Looking for a financial advisor but not sure what to look for in one? Here are the 9 essential questions you'll need to ask to find out which advisor is the right fit for you.
Think of finding the right financial advisor like finding a new hire. You need to interview them and make sure they're a right fit for your needs.
Shopping for a financial advisor isn’t easy. The services they offer can be complicated and choosing can be confusing because various types of practitioners call themselves advisors.
Typically, when you meet with advisors to check them out, they talk about their expertise and offer assurances that they’ll always serve your best interests. However, consumers don’t know how to evaluate these claims because they don’t know what questions to ask.
Here are some of the right questions you should be asking a potential advisor.
At issue here is whether the advisor is working as a fiduciary—a legal term for a professional who always puts your interest above their own. Fiduciaries, who earns no sales commissions for portfolio construction, are different from non-fiduciary advisors, who operate under a different regulatory standard, known as the sales-practice standard.
Generally, fiduciary advisors make a living from fees for advice, not product sales, which can cause conflicts of interest. If an advisor is a broker (essentially an investment salesperson), they’re not a fiduciary and shouldn’t be calling themselves an advisor.
Many consumers mistakenly associate fiduciaries with large brokerages, but this is fundamentally wrong. Brokers aren’t subject to Securities and Exchange Commission rules regulating advisors as fiduciaries. Instead, they operate under the sales practice standards of the Financial Industry Regulatory Authority.
Many advisors call themselves wealth managers, but precious few of them provide a full array of wealth management services. Along with investments, wealth managers advise clients on tax planning, cashflow analysis, executive compensation, estate planning and, potentially, many other areas.
For instance, small-business (e.g., dental practices) planning, to college planning, to real estate transactions, and charitable giving strategies. Be wary of those who call themselves wealth managers but are ill-equipped to provide all the services you need to reach your investment goals.
That is, how much do you charge for advice, what investments would you recommend and how much would they cost?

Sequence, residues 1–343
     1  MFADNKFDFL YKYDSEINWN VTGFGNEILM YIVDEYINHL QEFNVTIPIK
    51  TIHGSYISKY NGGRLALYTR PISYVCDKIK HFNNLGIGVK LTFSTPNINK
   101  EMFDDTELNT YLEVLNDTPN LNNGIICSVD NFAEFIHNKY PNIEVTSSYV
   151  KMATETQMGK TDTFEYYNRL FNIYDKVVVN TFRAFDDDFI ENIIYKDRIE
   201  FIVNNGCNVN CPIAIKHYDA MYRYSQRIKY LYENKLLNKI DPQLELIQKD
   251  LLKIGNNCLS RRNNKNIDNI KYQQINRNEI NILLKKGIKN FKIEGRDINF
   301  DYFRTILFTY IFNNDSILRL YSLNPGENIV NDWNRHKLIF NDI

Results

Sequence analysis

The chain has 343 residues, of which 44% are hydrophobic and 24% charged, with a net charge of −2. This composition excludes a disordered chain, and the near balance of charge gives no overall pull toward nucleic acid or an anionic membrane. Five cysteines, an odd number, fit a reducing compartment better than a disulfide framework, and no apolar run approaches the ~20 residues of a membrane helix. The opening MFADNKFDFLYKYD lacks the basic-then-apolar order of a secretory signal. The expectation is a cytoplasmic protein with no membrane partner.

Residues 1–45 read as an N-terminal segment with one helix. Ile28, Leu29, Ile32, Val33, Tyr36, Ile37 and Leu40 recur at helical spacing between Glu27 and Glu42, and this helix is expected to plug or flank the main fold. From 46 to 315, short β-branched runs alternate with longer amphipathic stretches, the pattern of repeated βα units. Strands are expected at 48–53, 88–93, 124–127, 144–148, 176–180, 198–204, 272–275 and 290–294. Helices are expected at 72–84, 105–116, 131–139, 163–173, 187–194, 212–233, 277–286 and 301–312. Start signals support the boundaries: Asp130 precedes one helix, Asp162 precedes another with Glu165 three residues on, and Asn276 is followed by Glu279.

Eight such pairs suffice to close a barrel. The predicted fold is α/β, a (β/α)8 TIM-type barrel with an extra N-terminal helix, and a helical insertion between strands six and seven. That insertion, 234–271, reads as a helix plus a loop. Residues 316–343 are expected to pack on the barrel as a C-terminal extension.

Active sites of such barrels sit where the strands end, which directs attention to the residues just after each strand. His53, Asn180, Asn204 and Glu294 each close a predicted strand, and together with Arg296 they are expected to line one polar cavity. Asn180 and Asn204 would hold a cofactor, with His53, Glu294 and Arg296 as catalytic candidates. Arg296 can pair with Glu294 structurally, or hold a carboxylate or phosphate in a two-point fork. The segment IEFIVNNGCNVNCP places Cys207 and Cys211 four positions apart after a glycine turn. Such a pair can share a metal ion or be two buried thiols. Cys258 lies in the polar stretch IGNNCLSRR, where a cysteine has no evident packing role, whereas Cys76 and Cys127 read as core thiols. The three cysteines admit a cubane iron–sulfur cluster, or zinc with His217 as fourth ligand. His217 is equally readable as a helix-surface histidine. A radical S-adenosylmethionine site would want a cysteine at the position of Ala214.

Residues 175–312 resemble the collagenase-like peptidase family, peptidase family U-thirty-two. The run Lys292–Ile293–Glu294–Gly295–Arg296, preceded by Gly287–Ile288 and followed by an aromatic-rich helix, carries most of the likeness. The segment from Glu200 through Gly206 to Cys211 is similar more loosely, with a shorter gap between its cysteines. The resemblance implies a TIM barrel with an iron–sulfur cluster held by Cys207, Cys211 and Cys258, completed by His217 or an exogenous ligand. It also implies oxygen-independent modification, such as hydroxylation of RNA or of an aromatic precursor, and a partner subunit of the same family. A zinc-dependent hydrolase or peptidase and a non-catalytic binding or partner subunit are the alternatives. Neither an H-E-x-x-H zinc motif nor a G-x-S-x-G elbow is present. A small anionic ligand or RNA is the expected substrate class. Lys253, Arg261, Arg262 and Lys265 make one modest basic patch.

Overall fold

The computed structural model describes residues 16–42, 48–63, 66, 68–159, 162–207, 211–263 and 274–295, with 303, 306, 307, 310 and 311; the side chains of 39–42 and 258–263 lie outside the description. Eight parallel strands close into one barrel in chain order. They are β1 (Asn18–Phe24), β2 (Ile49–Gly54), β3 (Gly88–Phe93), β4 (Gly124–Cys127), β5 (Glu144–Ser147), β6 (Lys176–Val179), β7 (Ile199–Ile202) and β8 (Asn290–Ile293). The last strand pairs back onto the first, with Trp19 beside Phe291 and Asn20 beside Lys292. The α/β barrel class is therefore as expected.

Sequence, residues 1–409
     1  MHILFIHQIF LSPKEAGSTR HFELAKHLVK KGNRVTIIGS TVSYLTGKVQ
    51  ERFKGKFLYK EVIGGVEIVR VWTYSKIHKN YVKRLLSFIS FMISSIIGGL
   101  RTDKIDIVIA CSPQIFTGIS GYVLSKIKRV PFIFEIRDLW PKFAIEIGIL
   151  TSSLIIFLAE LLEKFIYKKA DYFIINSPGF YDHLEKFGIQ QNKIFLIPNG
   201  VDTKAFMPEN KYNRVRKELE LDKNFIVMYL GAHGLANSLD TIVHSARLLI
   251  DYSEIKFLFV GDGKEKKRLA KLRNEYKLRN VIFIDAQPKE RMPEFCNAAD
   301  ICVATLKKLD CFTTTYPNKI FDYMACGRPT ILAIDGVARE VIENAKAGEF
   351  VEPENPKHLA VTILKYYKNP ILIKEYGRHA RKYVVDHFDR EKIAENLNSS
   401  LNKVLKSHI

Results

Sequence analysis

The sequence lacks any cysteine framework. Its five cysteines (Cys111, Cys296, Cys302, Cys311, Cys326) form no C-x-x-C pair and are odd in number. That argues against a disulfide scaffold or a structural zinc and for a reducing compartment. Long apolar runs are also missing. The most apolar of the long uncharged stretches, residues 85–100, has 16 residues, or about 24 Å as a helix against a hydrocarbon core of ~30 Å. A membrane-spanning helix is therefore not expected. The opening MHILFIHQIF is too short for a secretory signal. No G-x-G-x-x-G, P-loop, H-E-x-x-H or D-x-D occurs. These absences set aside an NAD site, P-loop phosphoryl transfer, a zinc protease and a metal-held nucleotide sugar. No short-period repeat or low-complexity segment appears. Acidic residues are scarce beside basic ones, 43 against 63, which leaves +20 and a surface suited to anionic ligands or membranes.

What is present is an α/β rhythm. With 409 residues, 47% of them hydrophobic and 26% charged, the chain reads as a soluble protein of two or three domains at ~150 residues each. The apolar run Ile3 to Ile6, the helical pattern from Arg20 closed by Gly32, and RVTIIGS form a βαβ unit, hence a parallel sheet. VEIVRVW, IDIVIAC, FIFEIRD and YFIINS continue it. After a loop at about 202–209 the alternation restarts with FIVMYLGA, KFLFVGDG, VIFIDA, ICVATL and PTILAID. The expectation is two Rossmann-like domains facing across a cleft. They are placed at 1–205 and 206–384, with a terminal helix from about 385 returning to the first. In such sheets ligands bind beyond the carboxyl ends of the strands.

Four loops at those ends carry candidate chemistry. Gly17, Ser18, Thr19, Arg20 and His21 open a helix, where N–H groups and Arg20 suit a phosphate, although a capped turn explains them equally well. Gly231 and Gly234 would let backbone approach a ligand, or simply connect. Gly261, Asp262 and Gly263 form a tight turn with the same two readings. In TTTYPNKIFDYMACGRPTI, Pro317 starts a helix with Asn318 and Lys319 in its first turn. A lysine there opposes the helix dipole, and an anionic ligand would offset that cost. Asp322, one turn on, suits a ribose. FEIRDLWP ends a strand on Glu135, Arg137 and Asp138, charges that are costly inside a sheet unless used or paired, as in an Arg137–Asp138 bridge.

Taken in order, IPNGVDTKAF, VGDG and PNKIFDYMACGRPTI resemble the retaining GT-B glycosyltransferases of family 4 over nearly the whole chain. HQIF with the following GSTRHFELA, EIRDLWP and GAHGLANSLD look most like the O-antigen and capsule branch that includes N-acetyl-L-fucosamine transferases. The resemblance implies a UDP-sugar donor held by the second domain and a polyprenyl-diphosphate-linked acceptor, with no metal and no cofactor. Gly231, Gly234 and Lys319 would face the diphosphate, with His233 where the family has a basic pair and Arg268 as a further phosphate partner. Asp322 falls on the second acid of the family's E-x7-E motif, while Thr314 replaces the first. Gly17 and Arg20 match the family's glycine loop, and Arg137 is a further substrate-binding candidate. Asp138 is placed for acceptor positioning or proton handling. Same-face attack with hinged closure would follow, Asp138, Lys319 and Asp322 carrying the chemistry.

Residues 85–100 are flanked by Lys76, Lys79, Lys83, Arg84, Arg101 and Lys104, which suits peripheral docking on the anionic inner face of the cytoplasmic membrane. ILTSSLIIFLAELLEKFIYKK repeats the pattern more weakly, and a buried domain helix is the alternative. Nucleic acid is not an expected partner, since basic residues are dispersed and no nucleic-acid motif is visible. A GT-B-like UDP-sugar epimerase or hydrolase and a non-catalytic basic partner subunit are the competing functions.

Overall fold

Relevant credentials include applicable academic degrees, certifications and licenses. One certification to look for is a CFP®—certified financial planner, a widely respected credential that reflects extensive knowledge, expertise and experience in financial planning.
Though client portfolios vary, an example portfolio can give you an idea of the advisor’s leanings regarding portfolio construction and management. And a typical financial plan can yield insights into how an advisor approaches retirement planning issues. One thing to look for is how much of the clients’ money is tied up in inaccessible accounts, where funds can’t be withdrawn without long waits or painful penalties. Say you’d like to see an anonymous plan and a portfolio for someone with a comparable income, risk tolerance and retirement horizon to your own.
What criteria would you use? This is extremely important because it signals an advisor’s philosophy of risk versus returns.
If I hire you, when will I see you again? What if I want to make an appointment to see you? What if I need to quickly get cash out of an accessible account? Will you give me your cell number? Some advisors hold quarterly meetings with all clients, but many don’t. After the initial planning sessions, some clients never see their advisors again, even for an on-screen meeting. Make sure that your advisor is avaible as much as you need them.
If not, who else? Are you a one-person shop or do you have associates or partners? Would you be making decisions on recommendations for my account, or would they? Some advisors just make the sale and then farm out the work to less experienced people. Ensure that you’re comfortable with how they operate.
This a blueprint for the management of your investments that includes a description of your risk tolerance and investment goals, and general guidelines governing how your investments should be managed.
Using an IPS helps avoid doubts about whether investment management moves being considered would be acceptable. IPS documents are quite common in institutional financial management, yet many advisors of individual investors also use them. It’s a helpful tool for keeping your advisor on your preferred track.
If an advisor is reluctant to answer these questions, move on. In finding the right steward for your financial affairs, there’s no room for ambiguity.
David Robinson, a Certified Financial Planner, is founder/CEO of RTS Private Wealth Management, an SEC-registered firm in Phoenix that provides fiduciary services to help clients achieve their financial goals. His practice focuses on helping wealthy individuals with custom financial plans, using a holistic approach to grow/protect wealth, manage taxes, identify insurance solutions, prepare for retirement and manage estate plans.